By ARNOLD PADILLA
Consumers face continuing injustice as they shoulder additional power costs (on top of possible rotating brownouts) while Meralco delays accounting for its over-collections that could reach more than P7 billion. Thus, it is very reasonable for consumers to demand that whatever planned rate increases by Meralco must be disallowed by the ERC.

By ARNOLD PADILLA
In a poor country where one out of two people dies without receiving any medical attention, where more than half of the population do not have access to basic health care, community-based health workers who provide needed services to fill this health-care gap should be heralded as heroes, not thrown to jail and tortured.

Related blog post: The AFP is telling us we need more NPA guerrillas

By ARNOLD PADILLA
Whoever becomes the next president will have to run a government that is almost P5 trillion deep in debt and with a budget deficit of P300 billion or more. Thus, whatever promises about providing for the basic needs of the people especially the poor are empty rhetoric unless candidates disclose how they intend to address the worsening fiscal situation.

By ARNOLD PADILLA
There’s good news for its close to five million customers to start the New Year, said utility giant Manila Electric Power Co. (Meralco). It claimed that its January billing will go down by 30.5 centavos per kilowatt-hour (kWh) due to lower generation and transmission charges. But Meralco did not say that the said reduction is just one side of the story.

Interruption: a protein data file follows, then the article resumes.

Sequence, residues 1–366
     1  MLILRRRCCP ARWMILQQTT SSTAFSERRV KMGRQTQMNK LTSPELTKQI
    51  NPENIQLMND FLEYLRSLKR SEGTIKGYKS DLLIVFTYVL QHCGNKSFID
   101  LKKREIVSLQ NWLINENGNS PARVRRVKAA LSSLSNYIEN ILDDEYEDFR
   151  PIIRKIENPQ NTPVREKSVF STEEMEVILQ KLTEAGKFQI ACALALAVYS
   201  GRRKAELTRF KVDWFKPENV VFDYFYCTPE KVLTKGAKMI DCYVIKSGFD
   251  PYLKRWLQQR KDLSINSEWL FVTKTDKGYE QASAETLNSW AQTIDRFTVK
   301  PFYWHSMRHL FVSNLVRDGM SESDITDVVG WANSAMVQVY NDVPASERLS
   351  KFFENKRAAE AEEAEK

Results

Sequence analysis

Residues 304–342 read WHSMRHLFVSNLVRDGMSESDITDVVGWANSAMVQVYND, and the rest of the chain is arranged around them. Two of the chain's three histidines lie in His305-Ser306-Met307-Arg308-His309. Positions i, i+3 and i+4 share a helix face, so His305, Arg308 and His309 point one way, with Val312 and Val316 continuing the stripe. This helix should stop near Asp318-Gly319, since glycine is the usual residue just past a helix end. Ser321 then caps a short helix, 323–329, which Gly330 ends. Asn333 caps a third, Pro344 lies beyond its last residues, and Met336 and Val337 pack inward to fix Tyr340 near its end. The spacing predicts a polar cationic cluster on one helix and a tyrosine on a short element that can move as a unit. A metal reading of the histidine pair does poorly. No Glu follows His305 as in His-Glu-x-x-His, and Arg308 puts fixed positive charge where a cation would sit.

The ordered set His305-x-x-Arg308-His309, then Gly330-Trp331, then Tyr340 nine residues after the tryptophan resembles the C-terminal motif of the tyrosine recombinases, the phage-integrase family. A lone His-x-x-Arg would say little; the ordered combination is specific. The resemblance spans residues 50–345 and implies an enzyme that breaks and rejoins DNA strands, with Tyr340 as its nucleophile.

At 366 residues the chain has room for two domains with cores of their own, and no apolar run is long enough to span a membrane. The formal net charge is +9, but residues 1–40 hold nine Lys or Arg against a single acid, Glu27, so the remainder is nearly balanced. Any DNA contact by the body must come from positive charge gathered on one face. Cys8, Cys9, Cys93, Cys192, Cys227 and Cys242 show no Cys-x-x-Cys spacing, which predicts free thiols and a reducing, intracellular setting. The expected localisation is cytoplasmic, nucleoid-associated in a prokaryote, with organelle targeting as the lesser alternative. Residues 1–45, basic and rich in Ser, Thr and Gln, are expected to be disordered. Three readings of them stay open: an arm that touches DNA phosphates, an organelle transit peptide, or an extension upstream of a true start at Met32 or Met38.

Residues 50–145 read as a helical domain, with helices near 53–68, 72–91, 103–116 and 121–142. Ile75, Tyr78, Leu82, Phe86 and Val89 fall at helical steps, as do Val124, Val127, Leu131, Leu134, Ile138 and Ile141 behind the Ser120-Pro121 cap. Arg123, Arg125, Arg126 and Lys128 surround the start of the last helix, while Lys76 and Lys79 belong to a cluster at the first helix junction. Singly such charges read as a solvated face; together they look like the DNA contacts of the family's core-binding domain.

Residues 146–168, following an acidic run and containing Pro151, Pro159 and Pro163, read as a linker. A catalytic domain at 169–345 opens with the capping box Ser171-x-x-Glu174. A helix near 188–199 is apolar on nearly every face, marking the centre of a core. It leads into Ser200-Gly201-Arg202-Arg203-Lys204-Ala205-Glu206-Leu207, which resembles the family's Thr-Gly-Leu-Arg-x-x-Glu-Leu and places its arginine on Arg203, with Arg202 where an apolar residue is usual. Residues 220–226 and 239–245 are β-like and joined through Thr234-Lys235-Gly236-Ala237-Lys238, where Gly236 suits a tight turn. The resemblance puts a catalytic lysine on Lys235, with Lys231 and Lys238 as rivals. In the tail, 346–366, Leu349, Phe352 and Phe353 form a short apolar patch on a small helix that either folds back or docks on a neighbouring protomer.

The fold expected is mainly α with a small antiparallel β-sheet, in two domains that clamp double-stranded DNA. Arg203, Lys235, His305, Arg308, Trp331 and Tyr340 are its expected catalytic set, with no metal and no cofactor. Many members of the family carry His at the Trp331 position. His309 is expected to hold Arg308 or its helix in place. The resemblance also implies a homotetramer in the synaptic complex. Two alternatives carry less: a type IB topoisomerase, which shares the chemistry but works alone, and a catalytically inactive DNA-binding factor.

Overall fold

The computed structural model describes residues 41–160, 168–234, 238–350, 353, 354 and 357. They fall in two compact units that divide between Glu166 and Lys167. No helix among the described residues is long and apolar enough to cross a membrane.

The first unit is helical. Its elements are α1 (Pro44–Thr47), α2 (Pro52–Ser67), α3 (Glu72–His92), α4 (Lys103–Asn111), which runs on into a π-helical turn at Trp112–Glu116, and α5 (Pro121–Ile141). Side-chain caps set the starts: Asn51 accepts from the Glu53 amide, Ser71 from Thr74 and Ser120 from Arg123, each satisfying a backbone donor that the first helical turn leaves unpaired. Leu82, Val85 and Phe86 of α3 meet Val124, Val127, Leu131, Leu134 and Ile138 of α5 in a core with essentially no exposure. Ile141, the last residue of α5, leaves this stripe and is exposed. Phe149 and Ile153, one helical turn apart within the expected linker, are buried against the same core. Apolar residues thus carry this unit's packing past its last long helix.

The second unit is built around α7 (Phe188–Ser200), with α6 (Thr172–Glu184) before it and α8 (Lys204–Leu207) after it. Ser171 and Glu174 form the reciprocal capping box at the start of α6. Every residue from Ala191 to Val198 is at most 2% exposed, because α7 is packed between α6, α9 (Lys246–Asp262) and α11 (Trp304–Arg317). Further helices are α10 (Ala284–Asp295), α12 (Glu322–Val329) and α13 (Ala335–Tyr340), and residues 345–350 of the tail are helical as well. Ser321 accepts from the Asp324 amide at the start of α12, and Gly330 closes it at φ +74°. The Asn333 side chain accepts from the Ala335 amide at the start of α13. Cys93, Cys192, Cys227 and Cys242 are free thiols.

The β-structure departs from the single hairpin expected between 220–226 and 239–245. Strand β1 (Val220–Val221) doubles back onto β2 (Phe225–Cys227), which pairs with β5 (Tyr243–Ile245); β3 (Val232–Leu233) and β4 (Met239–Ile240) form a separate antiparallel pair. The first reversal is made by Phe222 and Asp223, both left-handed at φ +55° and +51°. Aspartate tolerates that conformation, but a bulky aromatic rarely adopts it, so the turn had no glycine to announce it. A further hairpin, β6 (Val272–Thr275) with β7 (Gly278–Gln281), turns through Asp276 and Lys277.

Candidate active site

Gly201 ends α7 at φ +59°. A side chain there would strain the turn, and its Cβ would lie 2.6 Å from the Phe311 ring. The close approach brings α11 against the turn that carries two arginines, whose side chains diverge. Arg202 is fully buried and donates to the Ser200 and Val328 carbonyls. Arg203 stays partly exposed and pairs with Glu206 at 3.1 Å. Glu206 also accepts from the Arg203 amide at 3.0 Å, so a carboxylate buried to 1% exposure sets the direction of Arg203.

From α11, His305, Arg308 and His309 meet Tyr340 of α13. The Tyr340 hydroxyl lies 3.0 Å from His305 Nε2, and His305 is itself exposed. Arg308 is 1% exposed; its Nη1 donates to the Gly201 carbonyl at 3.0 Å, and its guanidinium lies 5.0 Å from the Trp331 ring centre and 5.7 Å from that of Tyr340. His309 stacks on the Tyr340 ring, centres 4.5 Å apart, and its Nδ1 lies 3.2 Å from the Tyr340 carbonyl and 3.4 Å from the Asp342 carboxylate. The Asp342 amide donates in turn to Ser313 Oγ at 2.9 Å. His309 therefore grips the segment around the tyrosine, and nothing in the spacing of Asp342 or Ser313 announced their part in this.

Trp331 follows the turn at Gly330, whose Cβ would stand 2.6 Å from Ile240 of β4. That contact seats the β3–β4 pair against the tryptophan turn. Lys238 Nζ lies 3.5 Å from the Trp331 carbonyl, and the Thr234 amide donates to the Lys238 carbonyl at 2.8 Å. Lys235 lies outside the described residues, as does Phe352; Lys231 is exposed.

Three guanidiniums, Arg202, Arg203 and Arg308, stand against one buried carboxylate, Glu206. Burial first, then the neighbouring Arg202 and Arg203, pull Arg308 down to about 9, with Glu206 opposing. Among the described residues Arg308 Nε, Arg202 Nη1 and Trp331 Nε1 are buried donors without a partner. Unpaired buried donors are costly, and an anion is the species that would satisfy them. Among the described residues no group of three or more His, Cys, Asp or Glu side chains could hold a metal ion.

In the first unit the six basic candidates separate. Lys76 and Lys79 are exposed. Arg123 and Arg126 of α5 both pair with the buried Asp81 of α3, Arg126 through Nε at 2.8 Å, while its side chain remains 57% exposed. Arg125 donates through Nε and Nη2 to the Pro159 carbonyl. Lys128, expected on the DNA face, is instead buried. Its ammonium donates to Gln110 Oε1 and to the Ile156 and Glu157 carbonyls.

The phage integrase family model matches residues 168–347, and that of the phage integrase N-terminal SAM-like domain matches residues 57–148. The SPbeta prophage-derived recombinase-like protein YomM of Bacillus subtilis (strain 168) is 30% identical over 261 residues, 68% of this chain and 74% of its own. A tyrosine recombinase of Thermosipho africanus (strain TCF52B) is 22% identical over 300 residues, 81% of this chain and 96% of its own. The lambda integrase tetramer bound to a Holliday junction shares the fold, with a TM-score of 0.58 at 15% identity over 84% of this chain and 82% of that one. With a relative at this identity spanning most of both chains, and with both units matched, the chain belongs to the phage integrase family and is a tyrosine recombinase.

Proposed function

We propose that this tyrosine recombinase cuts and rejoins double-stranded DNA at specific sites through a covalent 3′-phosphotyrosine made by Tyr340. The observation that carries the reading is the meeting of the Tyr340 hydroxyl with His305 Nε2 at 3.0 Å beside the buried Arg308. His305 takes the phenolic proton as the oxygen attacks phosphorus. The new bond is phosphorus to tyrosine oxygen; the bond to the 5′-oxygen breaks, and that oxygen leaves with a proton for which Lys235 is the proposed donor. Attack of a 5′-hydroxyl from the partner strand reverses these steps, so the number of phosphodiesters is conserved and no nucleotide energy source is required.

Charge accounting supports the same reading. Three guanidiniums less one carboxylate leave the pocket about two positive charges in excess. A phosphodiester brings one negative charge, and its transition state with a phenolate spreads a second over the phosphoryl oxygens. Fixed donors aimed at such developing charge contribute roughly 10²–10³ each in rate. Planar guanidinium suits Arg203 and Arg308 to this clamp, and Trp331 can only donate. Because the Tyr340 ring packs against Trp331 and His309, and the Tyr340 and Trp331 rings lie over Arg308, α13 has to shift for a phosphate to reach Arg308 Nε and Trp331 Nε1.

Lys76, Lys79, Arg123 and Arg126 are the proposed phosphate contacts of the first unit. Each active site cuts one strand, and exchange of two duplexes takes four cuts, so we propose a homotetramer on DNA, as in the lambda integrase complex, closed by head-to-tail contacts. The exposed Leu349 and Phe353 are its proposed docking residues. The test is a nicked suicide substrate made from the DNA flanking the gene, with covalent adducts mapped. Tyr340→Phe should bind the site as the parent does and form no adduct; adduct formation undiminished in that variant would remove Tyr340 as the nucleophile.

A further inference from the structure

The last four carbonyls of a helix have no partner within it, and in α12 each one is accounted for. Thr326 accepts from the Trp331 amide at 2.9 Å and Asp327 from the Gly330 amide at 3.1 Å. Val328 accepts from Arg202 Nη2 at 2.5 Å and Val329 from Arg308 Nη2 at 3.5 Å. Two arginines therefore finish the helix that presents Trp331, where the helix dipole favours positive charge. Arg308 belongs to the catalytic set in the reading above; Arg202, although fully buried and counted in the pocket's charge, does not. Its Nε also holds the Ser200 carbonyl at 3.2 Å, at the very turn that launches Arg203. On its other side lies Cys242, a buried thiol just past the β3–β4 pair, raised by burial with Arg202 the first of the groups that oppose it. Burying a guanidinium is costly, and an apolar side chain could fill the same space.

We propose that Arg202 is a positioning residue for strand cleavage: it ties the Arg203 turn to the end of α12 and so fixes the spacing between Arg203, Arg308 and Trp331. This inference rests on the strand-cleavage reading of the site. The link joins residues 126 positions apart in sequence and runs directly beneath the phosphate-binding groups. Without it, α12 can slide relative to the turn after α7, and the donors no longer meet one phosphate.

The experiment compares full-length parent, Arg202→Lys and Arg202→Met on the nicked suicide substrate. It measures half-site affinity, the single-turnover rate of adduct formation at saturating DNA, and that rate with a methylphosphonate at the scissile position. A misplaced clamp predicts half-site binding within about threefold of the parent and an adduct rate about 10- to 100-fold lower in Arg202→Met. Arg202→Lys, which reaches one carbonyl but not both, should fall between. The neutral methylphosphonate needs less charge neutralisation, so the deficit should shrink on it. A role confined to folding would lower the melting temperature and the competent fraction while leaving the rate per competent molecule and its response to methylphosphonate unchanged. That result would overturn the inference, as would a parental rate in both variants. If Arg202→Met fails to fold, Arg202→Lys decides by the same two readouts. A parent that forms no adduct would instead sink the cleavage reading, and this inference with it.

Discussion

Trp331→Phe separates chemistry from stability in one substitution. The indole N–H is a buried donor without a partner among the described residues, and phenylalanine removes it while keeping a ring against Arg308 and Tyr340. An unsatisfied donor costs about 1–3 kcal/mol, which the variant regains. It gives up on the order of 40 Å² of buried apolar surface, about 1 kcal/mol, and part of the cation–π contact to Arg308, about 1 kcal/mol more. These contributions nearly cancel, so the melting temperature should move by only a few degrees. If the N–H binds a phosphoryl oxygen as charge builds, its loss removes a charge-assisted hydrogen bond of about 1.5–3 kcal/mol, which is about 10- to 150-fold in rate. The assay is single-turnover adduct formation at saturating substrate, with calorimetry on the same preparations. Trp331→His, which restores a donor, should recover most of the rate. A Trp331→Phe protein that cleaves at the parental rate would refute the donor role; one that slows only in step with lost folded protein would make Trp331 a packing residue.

By ARNOLD PADILLA
To a certain degree, Executive Order 839 questioned the lies long peddled by the oil companies and staunch defenders of neoliberalism about neoliberal free market economics. If left unchallenged, EO 839 could become a precedent in policy making: that the government, in the name of public good and welfare, could take decisive action against abusive corporations.

By ARNOLD PADILLA
While it is supposed to be based on the Oil Deregulation Law, the executive order mandating the recent price rollback in effect puts into question the wisdom of oil deregulation. Moreover, the oil companies have found a way to offset whatever “losses” they would incur in Luzon due to the EO: by overpricing in the Visayas and Mindanao.